Sajid Ali
Sajid Ali
Linux & Windows Server Administrator | Cloud Architect: I possess 10 years of professional experience with administration of different hosting provider’s Linux and Windows based servers on a large production level.

grep (Global Regular Expression Print) useful command-line utilities.

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Grep is a Linux / Unix command-line tool used to search for a string of characters in a specified file. It’s name comes from the ed command g/re/p (globally search for a regular expression and print matching lines), which has the same effect.

In the simplest terms, grep (global regular expression print) will search input files for a search string, and print the lines that match it. Beginning at the first line in the file, grep copies a line into a buffer, compares it against the search string, and if the comparison passes, prints the line to the screen. Grep will repeat this process until the file runs out of lines.

The grep command-line in Linux

Syntax:

grep [options] pattern [files]
  • OPTIONS – Zero or more options. Grep includes a number of options that control its behavior.
  • PATTERN – Search pattern.
  • FILE – Zero or more input file names.

To be able to search the file, the user running the command must have read access to the file.

Simple Example:

The simplest possible example of grep is:

# vi /etc/passwd

# grep "nobady" /etc/passwd

In this example, grep would loop through every line of the file “passwd” and print out every line that contains the word ‘nobady’:

Grep command-line
Grep command-line

Some Useful Options & Description:

-c : This prints only a count of the lines that match a pattern

# grep -c "nobody" /etc/passwd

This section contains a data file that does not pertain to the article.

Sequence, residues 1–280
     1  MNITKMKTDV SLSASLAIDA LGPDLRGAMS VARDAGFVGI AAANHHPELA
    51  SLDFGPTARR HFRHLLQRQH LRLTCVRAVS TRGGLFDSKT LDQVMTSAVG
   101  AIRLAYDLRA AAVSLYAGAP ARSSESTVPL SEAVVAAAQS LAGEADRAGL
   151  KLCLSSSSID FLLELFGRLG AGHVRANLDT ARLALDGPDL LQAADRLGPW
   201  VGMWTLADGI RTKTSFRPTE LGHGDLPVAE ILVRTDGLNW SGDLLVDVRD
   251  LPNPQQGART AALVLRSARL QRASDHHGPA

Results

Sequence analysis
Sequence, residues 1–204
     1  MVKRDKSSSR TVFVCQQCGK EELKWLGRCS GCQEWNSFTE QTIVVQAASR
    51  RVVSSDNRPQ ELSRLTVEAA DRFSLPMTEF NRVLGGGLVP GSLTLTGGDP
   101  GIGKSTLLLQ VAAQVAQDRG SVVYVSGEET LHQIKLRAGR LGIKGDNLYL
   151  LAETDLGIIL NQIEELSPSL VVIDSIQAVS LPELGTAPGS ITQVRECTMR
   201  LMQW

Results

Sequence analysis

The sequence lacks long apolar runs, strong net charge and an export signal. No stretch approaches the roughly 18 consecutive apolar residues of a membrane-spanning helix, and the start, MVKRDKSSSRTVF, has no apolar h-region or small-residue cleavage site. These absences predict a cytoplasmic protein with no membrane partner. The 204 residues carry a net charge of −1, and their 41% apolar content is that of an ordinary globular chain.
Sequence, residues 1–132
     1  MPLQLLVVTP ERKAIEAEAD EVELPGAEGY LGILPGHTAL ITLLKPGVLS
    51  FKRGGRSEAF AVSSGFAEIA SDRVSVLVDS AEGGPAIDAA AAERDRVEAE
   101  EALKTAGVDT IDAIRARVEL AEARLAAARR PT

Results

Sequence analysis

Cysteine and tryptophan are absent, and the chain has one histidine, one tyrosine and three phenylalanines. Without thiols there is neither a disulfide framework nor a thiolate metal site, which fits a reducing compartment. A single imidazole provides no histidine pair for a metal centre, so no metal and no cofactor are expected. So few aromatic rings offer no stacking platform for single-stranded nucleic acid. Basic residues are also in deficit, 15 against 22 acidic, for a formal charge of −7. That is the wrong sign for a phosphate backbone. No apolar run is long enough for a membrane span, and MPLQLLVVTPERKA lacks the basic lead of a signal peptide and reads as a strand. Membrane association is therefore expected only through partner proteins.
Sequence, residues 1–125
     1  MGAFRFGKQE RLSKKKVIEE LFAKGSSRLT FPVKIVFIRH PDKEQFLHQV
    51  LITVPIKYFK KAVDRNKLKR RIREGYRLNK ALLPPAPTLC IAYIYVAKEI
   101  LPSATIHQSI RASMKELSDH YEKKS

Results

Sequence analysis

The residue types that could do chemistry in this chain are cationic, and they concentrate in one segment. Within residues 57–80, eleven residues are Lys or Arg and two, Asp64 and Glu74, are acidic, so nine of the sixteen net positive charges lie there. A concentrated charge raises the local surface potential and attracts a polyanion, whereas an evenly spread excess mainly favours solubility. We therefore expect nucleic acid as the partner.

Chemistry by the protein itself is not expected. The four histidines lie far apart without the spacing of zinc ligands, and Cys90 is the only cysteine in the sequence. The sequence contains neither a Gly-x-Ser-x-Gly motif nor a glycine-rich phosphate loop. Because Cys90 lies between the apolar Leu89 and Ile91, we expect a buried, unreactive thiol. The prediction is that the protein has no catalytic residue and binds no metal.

-h : Display the matched lines, but do not display the filenames.

# grep -h "104.239.136.27" *

-i : Ignores, case for matching

# grep -i "NoBody" /etc/passwd

-l : Displays list of a filenames only. In the example it will display /etc/passwd.

# grep -l "104.239.136.2" *

-n : Display the matched lines and their line numbers.

# grep -l "104.239.136.27" *

-v : This prints out all the lines that do not matches the pattern, in this example line 18 will not print.

# grep -vn "nobody" /etc/passwd

-A n : Prints searched line and n lines after the result.

# grep -A5 "nobody" /etc/passwd

-B n : Prints searched line and n line before the result.

# grep -B5 "nobody" /etc/passwd

-C n : Prints searched line and n lines after before the result.

# grep -C5 "nobody" /etc/passwd

Regular Expression:

GNU Grep has three regular expression feature(https://linuxize.com/post/regular-expressions-in-grep/) sets, Basic, Extended and Perl-compatible.

By default, grep interprets the pattern as a basic regular expression where all characters except the meta-characters are actually regular expressions that match themselves.

^ : Use the ^ (caret) symbol to match expression at the start of a line. In the following example, the string “re” will match only if it occurs at the very beginning of a line.

# grep -in "^re" DesktopClient.ovpn

$ : Use the $ (dollar) symbol to match expression at the end of a line. In the following example, the string “nobody” will match only if it occurs at the very end of a line.

# grep -in "nobody$" openvpn-install.sh

. : Use the . (period) symbol to match any single character. For example, to match anything that begins with De then has two characters and ends with the string an, you could use the following pattern:

# grep -in "De..an" openvpn-install.sh

[ ] : Use [ ] (brackets) to match any single character enclosed in the brackets. For example, find the lines that contain accept or “accent, you could use the following pattern:

# grep -in acce[np]t Deb_file

Saving grep output to a file:

Take the output of a command and redirect it into a file using “>”

# grep -in "nobody" /etc/passwd > nobody_file

# vi nobody_file

Conclusion

The grep command allows you to search for a pattern inside of files. If a match is found, grep prints the lines containing the specified pattern.

There’s lots more to learn about grep man page.

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